Proserv to monitor cables on Equinor’s Hywind Scotland floating wind farm
Photo credit: Michal Wachucik ©Equinor Proserv to monitor cables on Equinor’s Hywind Scotland floati...
The nuclear sector has set its sights on increasing the size of its female workforce as part of a 12-year industry growth plan which marked its second anniversary earlier this month.
This year, 25 key organisations, including major employers from across the civil and defence sectors, and hundreds of individuals and senior figures have pledged their formal commitment to reaching a 40% female workforce by 2030.
This follows the release of a Gender Roadmap at the end of 2019, outlining an escalating programme of interventions in the areas of attraction, retention, guidance and monitoring to improve industry diversity, beginning with gender.
The Nuclear Sector Deal, published in June 2018, is a commitment between the government and industry to drive green economic growth and make nuclear power an integral part of the UK’s energy future.
The initial focus is to deliver on a vision up to 2030, but the Deal has the potential to be the foundation for much longer-term progress and activity.
It has four key objectives:
- 40% women in nuclear
- 30% reduction in the cost of new build projects
- savings of 20% in the cost of decommissioning compared with current estimates
- Up to £2 billion domestic and international contract wins
After two years of the 12-year programme, 27 of the 82 commitments of the NSD have been achieved (33%). These include:
- A comprehensive analysis of the key factors that will drive down the costs of new nuclear power stations by 30 per cent. A report summarizing this will be published this summer;
- A National Decommissioning and Waste Management Pipeline for the UK, developed jointly by Government and civil & defence nuclear for the first time;
- A plan to work jointly with the local and national supply chain is underway to allow new companies to support nuclear activities in the future, presenting the opportunity to introduce innovation and achieve more domestic contracts;
- The launch of a number of programmes and grants, such as the Advanced Manufacturing and Construction Contest and the Industrial Strategy Challenge Fund to promote innovation in the sector. These initiatives will help unlock intellectual property and investment and increase opportunities for local suppliers.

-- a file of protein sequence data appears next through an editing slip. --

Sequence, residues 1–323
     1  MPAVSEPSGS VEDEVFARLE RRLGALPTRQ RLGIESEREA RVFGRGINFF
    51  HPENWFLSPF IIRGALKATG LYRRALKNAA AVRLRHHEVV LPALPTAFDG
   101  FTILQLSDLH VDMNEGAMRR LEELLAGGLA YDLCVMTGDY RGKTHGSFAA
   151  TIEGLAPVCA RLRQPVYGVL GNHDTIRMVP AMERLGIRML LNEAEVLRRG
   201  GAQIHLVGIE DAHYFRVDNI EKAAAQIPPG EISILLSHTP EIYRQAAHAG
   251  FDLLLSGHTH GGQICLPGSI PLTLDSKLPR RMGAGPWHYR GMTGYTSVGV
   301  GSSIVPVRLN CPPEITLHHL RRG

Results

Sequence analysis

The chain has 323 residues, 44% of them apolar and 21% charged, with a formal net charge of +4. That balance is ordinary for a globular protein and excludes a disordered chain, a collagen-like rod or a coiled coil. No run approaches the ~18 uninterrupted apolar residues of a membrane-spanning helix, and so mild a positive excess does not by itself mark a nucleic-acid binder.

Welcoming the anniversary, Nadhim Zahawi, Minister for Business and Industry, said:
“The nuclear sector deal is at the heart of our plan to tackle climate change and create a more diverse energy mix. Since then we have seen considerable progress, and I look forward to working with the industry as go even further to reach net zero carbon emissions by 2050.”
Tom Greatrex, Chief Executive of the Nuclear Industry Association, added:
“By 2030, and on the road to net zero by 2050, we will need nuclear to be an integral part of our energy future. As the UK economy begins to recover from the impact of COVID-19, civil nuclear projects present shovel ready ways of boosting the economy, providing jobs and developing skills in all parts of the country. Progress on the sector deal commitments are an important part of the roadmap to the future that will enable the UK to have the clean, secure and reliable power that underpins net zero.”
Dr Paul Hollinshead, MoD appointment on the Nuclear Industry Council, said:
“Strengthening skills and controlling costs across the whole of the nuclear sector will have an important beneficial effect to the defence and security of the United Kingdom. There are many unique and exciting challenges in Defence Nuclear. The work of the NSD promotes an environment for collective coordination and integration across the wider nuclear sector, and by combining a larger cadre of nuclear-skilled people from diverse backgrounds with a more robust and efficient supply chain it can help meet these challenges.”
A detailed publication setting out the Nuclear Sector Deal’s progress will be produced this summer.
The UK’s nuclear sector is amongst the most advanced in the world. The existing fleet of nuclear power stations provides more than 20 per cent of the country’s electricity and 40% of clean electricity. Its economic footprint provides tens of thousands of highly skilled jobs, driving growth in regions across the UK.
At the end of June the Committee on Climate Change published its annual progress report emphasising the need to avoid climate damage that could result from the wrong sort of economic recovery from COVID 19. Amongst its recommendations it said:
“Reaching net-zero emissions in the UK will require all energy to be delivered to consumers in zero-carbon forms (i.e. electricity, hydrogen, hot water in heat networks) and come from low carbon sources (i.e. renewables and nuclear, plus bioenergy and any fossil fuels being combined with CCS).”
Coinciding with this, the Nuclear Industry Association issued its assessment of the future contribution of nuclear power to Net Zero. Their document – “Forty by ’50: A Nuclear Roadmap” – considers that commitment to an ambitious programme of large, small modular and advanced modular reactors could deliver 40% of clean electricity in 2050 as well as support the manufacture of hydrogen and other clean fuels.
It also said nuclear power could deliver £33bn of annual gross value added to the economy, employ up to 300,000 people, and begin contributing quickly enough to be an important part of the country’s clean recovery plans.